Although the word ‘timeless’ is thrown around a lot in fashion, there are very few products that design and purpose have actually stood the test of time. And the Stan Smith is without a doubt one of them. So many other brands have tried to copy its minimal aesthetic and adidas itself has dropped countless versions and collaborations, but almost 50 years since it first hit the court and it hasn’t lost any of its character or iconicity.
Like many of the most revered sneakers, the Stan Smith’s story starts in performance. Originally endorsed by the French tennis player Robert Haillet, the clean, white sneaker was the first leather tennis shoe, setting a new benchmark in performance sneakers at the time. In 1971, Adi Dassler’s son, Horst Dassler, approached Stan Smith with the offer of repurposing the sneaker as Stan’s pro model in hope of gaining traction on US soil. After a short cross-over period where the shoe carried both Haillet and Smith’s signatures, the adidas Stan Smith became the shoe we as know it in 1978 with the iconic green heel patch and Stan’s portrait on the tongue.
“I’ll never forget looking down at this shoe when I was playing, one of the first times I had the shoe with my face on it, and I kept looking at the face, kept looking at the shoe. I said, “This is really weird.” My face actually on the shoe looking back at me,” explains Stan Smith on this episode of Why It’s Cool. “The other thing that I remember is that I remember losing to a guy, wearing my shoe for the first time. I really didn’t think it was appropriate for a player to beat me, wearing my shoe.”
The Stan Smith didn’t just leave a lasting impact on sneaker culture, it opened up the floodgates for a new generation of female sneakers and fed into the casualization of workwear as a whole. Marc Jacobs honed the off-duty designer look when he wore Stans in the mid-2000s, but it wasn’t until 2014, when Phoebe Philo took her bow at Paris fashion week wearing an olive green turtleneck, straight cut black pants, and a pair of Stan Smiths that the shoe was widely embraced by the discerning female fashion consumer. That grown-up, minimal look broke new ground in fashion culture, ushering in a new era of casual style and prompting greater acceptance of sneakers as a whole beyond sports and streetwear.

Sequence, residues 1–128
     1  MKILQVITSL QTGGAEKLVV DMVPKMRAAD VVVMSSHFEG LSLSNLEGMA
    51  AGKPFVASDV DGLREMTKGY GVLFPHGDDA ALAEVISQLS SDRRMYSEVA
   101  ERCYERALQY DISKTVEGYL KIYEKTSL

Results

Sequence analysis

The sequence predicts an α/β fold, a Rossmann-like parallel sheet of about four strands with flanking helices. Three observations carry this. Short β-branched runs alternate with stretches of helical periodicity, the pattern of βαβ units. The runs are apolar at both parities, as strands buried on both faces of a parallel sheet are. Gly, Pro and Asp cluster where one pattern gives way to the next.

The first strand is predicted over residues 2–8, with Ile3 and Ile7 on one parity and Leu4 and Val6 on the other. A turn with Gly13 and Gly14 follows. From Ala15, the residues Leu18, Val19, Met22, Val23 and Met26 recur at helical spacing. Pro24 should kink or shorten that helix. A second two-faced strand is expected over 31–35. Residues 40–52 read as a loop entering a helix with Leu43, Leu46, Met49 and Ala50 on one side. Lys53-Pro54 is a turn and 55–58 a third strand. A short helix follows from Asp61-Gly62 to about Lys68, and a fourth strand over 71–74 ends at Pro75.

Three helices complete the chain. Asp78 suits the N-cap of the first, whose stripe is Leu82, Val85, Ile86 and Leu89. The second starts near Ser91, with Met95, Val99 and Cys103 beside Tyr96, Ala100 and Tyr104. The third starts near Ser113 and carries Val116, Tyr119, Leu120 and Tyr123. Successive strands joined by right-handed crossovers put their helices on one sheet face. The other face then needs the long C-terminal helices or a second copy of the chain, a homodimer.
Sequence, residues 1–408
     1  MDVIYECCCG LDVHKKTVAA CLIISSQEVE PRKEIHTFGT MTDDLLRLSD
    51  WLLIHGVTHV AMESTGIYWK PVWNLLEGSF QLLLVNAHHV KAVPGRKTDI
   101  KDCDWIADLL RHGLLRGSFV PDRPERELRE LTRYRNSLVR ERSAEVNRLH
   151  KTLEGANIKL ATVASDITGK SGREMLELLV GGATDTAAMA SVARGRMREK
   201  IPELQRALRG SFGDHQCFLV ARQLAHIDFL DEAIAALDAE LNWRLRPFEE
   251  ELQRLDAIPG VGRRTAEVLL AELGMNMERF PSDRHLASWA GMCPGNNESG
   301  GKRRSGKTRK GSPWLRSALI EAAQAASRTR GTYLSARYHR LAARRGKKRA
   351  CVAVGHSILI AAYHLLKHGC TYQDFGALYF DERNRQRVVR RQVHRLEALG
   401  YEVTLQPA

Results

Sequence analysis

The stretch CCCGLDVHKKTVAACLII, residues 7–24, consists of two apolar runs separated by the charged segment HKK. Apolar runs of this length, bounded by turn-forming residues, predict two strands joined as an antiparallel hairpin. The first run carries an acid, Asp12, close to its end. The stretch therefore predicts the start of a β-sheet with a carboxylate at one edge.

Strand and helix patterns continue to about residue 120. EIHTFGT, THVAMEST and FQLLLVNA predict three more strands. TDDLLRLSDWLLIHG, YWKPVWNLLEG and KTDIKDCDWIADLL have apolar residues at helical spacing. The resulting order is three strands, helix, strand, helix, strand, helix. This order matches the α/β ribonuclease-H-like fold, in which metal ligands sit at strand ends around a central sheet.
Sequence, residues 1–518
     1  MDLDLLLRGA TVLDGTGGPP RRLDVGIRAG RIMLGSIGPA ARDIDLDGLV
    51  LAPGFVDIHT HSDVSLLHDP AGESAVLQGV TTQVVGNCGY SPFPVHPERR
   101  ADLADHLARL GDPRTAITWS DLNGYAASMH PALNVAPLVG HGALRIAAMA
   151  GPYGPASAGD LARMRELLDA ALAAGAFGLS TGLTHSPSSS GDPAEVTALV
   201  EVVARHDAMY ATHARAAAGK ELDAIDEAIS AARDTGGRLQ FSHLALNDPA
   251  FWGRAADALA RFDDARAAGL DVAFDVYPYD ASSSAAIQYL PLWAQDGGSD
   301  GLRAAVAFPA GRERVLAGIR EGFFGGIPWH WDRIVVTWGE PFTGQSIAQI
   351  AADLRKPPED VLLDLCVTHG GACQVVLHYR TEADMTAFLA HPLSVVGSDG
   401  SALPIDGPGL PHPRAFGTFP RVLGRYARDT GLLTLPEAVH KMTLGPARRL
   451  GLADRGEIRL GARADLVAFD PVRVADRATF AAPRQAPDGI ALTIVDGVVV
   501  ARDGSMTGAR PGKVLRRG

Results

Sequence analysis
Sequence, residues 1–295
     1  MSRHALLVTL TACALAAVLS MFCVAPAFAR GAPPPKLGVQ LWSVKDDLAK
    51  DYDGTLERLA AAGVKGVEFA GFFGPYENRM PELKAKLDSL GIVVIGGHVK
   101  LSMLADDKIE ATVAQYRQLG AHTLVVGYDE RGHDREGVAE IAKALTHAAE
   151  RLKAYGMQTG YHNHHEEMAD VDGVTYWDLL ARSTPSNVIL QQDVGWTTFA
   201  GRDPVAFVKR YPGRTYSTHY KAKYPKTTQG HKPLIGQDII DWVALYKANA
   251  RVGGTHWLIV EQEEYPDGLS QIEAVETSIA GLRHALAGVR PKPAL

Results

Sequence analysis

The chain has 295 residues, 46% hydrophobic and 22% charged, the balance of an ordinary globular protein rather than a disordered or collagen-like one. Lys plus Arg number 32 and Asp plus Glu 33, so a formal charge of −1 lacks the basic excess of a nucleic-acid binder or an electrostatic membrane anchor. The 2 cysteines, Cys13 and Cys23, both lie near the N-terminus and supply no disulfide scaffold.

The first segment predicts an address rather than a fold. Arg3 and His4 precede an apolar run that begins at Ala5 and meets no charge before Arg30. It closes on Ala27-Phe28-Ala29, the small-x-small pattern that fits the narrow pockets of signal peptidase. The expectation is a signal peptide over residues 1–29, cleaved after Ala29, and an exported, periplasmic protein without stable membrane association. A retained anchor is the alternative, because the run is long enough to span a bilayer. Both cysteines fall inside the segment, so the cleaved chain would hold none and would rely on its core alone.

Elizabeth von der Goltz, the global buying director of online fashion retailer Net-a-Porter, tells, ”I remember when even in my old work in the official handbook of how you dress you were not allowed to wear sneakers to work. I think in most workplaces you actually weren’t even allowed to wear sneakers.” She continues, “Phoebe Philo, for every woman and man out there, she’s the epitome of quiet, sophisticated luxury. For her to wear something like a Stan Smith is a statement cause they’re like, “She’s the epitome of kind of innovation, coolness, style. And that’s how she runs around all day.”
After a two year hiatus, adidas relaunched the Stan Smith in 2014 succeeded by a number of high-profile collaborations with Raf Simons, French boutique Club 75, and Japanese label NEIGHBORHOOD among others. “It’s the perfect shoe to do a collaboration with because it’s such a blank canvas,” says Gary Aspden, curator of adidas Spezial. “There’s so much you can kind of add to it because there’s nothing on that shoe really that doesn’t have a good purpose being there. It is to me, almost like one of the ultimate pieces of modernist design within fashion.”
From David Bowie’s 1977 press shots to the Manchester and Salford Perry Boys and Naomi Campbel’s cover shoot for the face in 1993, the Stan Smith has, over its lifetime, been co-opted by a number of fashion-savvy individuals and subcultures, and even featured in Jay-Z and A$AP Rocky’s lyrics.
“When my daughter was 14, so when was this? Probably 15, 16, 17, 18 years ago, she came home one day and said, “Dad, you’re famous.” I said, “What do you mean?” She said, “Jay-Z has you in some of his songs.” At the time, I said, “Who is Jay-Z?” It was funny that he actually had lyrics of up my shoe in several of his songs, but one of them was, “I’m just sitting here chilling in my white Stan Smith adidas.”
But it’s hardly a surprise. With its minimal, clean aesthetic, the Stan Smith has surpassed fleeting trends and maintain unfailing popularity over the decades that has transcended it beyond a simple piece of footwear to a cultural icon. The title of Stan Smith’s book, “Some People Think I’m a Shoe”, a statement inspired by a question asked by his daughter, sums it up. The former world number one’s legacy is equal to, and arguably outweighed by, that of his eponymous sneaker.
Listen to the full episode above for the full story and stay tuned for a new episode of Why It’s Cool next week.